This works fine for me:
ffmpeg -i sourcevideo.avi -s qcif -b 256 -acodec aac -ab 128 -ac 2 targetvideo.mp4

ffmpeg -i sourcevideo.avi -s qcif -vcodec mpeg4 -acodec aac -r 20 -b 192 -ab 96 -ac 2 -ar 44100 targetvideo.mp4

donderdag, januari 19, 2006

Ubuntu Breezy bug

When unmounting an external USB drive by clicking on the drive's icon and choosing "unmount volume",
the following error-message appears:

And, the strange thing is, the drive is apparantly unmounted, as there is no trace of it in either, mount or df's output.

woensdag, januari 18, 2006

Nokia 770

I have been playing with the ultra-cool Nokia 770! :)

Here's a pic of my RTAI LiveCD website rendered with the browser on the device (Opera).

Puppy for mom

We bought a cute little Cavalier King Charles Spaniel puppy for my mom:

maandag, januari 16, 2006

Repository moved

Due to unstability of the server that previously hosted my repository, I've moved my Ubuntu Breezy repository. The new line to add to your /etc/apt/sources.list would be:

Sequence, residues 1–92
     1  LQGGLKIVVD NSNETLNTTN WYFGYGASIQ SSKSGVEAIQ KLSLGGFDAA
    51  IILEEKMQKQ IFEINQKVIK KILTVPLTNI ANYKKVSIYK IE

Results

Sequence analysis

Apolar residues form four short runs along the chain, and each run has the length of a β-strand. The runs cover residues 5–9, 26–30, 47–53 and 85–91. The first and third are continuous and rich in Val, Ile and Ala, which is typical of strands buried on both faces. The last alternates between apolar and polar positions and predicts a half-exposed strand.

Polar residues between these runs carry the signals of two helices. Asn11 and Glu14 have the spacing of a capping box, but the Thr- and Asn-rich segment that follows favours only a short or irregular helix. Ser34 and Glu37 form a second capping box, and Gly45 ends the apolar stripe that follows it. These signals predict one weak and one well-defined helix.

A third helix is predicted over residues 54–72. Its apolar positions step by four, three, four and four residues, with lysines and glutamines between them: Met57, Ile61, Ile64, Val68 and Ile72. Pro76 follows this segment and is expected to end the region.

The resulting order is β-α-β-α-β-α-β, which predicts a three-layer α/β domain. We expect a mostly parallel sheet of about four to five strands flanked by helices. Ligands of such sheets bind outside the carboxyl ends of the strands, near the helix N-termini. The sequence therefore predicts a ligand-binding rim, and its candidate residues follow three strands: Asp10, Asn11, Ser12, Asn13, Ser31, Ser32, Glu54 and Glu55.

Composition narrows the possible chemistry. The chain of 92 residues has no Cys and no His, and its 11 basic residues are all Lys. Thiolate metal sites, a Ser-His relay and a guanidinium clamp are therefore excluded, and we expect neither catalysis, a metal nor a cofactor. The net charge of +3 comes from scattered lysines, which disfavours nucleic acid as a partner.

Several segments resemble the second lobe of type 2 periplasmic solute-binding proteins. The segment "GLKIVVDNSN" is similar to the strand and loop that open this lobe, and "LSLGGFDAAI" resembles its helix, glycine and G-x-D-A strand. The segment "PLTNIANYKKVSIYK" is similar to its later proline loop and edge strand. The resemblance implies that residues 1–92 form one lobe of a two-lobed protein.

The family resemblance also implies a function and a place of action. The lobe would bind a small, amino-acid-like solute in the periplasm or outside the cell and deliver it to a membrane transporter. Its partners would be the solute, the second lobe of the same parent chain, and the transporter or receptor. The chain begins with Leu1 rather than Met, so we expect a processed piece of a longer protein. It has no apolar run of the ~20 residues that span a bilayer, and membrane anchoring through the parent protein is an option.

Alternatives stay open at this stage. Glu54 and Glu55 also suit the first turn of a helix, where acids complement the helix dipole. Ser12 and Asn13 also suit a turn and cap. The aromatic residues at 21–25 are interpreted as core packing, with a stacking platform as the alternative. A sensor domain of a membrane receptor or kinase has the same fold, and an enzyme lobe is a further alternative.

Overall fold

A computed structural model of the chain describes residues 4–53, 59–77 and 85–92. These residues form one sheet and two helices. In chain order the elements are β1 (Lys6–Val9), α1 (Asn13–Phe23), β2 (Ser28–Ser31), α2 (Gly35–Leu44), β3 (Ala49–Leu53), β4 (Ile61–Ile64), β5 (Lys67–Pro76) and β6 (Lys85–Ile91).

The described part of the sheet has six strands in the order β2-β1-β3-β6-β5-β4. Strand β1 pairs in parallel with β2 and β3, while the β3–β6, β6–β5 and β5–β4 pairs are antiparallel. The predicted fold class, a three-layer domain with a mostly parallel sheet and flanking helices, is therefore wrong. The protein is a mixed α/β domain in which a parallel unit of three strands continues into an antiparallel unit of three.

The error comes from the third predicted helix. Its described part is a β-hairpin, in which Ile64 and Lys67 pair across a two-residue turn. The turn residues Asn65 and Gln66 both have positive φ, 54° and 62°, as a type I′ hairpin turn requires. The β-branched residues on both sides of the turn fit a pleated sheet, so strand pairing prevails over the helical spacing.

deb ./

vrijdag, januari 13, 2006

E17 screenshots

Some screenshots of current Enlightenment 0.17's CVS code.

E17 starting...

Various apps available in the E17 CVS repository:

Entice, a image viewer using the E17 libs:

GIT CVS import Ubuntu Breezy package

Added a cvsps 2.1 package to the repository as Ubuntu Breezy still ships with 2.0rc1. Version 2.1 is needed for GIT's CVS import functionality.

woensdag, januari 11, 2006


This is a short howto, explaining how to setup User Mode Linux for simple Linux kernel module development and experimentation. I'm using the current Linux kernel 2.6.15 version (actually, todays GIT tree :) )

I like to keep my filesystem structure nice and clean, which is why I tend to use multiple partitions and directories for separate things. I've got a /usr/local/src directory which contains the linux-2.6 subdirectory contains the Linux kernel sourcecode. All my builddirectories are stored in /mnt/build, and so the first thing to do is to create a new entry for the Linux 2.6 UML build:
mkdir /mnt/build/linux-2.6-um

Next, enter the Linux kernel sourcecode directory:
cd /usr/local/src/linux-2.6

We'll start from the default UML configuration file for the kernel:
cp arch/um/defconfig /mnt/build/linux-2.6-um/.config

Use the defaults from that default config file:
make oldconfig ARCH=um O=/mnt/build/linux-2.6-um/

In case there's anything you want to change in the configuration of the UML kernel, start
the configuration menu:
make menuconfig ARCH=um O=/mnt/build/linux-2.6-um/

Now, we're set to do the actual building of the kernel. This will take a while...
make ARCH=um O=/mnt/build/linux-2.6-uml/